There is a difference between a conceptual model (the way a user thinks about a system), and a functional model (how a system actually works). There is also a difference between what a system does and what the user wants. We tend to overlook these differences to get things done, but if you take the time to identify the needs and models, you’ll find opportunity in the gaps.
Let’s look at the humble faucet (hat tip to Donald Norman). First, faucets were positioned over sinks and tubs to save the user a trip to the well. At this point the functional model and the conceptual model and the user need all aligned. By turning a lever or wheel the user could adjust the amount of water coming out of the faucet. The user might memorize which direction to turn the control, but no advanced technical knowledge was need to understand how a valve works.
The addition of heated water complicated the device and at the same time users were adjusting their needs to the new capabilities. Initially, the hot water was added as a second spigot, but users had moved their focus from the receptacle to the stream and they wanted moving water, not just a full bowl or bucket. And users didn’t want one cold stream and one scalding stream, they wanted to control the temperature and flow of a single stream. This was solved by mixing the two sources after the valves. The resulting device was still simple enough to be understood by users and they were able to manipulate the system to match their needs.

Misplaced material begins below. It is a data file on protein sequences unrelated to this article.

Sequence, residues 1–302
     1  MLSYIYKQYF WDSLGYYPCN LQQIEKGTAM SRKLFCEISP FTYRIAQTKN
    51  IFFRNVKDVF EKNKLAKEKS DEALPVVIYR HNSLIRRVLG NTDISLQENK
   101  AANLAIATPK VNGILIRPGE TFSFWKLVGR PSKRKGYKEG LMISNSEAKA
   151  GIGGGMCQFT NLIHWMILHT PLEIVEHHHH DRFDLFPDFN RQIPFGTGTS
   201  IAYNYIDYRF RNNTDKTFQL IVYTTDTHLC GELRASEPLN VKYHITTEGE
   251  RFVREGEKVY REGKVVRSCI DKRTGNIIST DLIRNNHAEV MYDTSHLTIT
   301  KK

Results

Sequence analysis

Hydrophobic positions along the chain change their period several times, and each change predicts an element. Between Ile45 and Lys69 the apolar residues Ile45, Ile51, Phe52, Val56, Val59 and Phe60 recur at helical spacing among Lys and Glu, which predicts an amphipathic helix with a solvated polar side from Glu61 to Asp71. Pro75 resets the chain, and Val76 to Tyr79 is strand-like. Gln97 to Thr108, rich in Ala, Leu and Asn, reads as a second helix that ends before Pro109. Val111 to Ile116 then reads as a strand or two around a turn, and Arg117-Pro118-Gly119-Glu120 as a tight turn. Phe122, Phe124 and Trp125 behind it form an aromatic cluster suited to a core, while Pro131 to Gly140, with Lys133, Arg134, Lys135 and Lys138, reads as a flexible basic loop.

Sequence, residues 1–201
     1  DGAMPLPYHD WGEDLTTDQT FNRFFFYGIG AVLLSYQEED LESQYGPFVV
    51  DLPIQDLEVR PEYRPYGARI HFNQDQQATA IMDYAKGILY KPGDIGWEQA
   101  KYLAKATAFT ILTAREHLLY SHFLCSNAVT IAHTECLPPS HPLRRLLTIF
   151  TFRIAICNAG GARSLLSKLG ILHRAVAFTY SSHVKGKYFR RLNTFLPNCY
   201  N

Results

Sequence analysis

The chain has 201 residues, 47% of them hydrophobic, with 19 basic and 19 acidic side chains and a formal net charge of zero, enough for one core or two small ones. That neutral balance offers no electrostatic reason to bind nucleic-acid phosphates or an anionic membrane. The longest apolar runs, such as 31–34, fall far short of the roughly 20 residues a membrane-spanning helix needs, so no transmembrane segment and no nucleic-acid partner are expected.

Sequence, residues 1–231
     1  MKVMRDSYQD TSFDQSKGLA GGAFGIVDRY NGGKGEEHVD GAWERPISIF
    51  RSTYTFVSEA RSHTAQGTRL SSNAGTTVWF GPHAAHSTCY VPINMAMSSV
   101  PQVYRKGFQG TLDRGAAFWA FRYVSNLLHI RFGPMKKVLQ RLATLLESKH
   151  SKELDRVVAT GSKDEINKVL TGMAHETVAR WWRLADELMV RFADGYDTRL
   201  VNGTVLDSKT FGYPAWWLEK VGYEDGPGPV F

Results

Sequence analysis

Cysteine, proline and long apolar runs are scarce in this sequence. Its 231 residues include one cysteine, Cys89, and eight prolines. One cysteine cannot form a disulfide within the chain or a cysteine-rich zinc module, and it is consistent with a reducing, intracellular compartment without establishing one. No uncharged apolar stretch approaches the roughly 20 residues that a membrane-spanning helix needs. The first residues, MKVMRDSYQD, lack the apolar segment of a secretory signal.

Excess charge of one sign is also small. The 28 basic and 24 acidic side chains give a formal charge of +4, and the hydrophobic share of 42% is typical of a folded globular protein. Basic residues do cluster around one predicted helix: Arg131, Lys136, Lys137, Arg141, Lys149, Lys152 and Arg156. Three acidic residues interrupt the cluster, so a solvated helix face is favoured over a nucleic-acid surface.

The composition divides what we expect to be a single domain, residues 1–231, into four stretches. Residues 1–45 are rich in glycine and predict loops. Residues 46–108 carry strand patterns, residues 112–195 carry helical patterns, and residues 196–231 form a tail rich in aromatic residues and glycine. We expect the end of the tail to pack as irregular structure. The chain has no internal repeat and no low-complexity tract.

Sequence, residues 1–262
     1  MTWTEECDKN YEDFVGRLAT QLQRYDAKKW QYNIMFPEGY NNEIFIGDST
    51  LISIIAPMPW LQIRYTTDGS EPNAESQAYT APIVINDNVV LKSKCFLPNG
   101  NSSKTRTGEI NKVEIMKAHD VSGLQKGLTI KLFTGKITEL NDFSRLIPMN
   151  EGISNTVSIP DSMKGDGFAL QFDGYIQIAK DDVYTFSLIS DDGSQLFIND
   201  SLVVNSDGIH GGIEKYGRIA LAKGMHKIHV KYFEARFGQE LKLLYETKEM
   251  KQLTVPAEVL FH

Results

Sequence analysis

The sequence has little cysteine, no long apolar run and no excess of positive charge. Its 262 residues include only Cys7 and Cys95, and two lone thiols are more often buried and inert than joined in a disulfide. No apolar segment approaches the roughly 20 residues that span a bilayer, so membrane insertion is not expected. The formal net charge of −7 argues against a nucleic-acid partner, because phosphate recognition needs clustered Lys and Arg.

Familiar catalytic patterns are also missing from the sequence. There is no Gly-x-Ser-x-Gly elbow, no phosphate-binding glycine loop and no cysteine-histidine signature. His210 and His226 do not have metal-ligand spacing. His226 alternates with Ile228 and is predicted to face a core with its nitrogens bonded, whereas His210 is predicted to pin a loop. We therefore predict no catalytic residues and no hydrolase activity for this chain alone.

But the cognitive load on a system like this is significantly higher [than the single temperature spigot] because the relationship between the user needs and the functional model is no longer one-to-one. Users want a specific temperature and flow, but adjusting the temperature also changes the flow and vice versa. So any adjustment to a single user need requires two adjustments to the system. The burden of translating user needs to the functional model is put on the user. With this complexity comes errors, and opportunity.
In the 1940s Alfred Moen burned his hand under a faucet and thought, “you ought to be able to get what you want out of a faucet.” He invented the single handle mixing faucet to solve this problem. Now the movements of the controls mapped directly to the user needs — forward and back for flow, and left and right for temperature — and the user no longer needed to understand how the system actually worked.
In the 50’s housing boom after WWII the single handle mixing faucet became an icon of modern living and the cornerstone of one of the largest plumbing product companies in the world. So look at those gaps between the user needs, conceptual model, and the functional model, because that’s where opportunities lie.
Addendum. Here’s a question now that we’re thinking about faucets. There is another gap between the user needs and the functional model. It’s that pipe full of cold water sitting between the faucet and the water heater. Users know they need to flush the cold water out to get to the hot water, but again the user has to translate their need onto the functional model. What innovations can you think of to close that gap?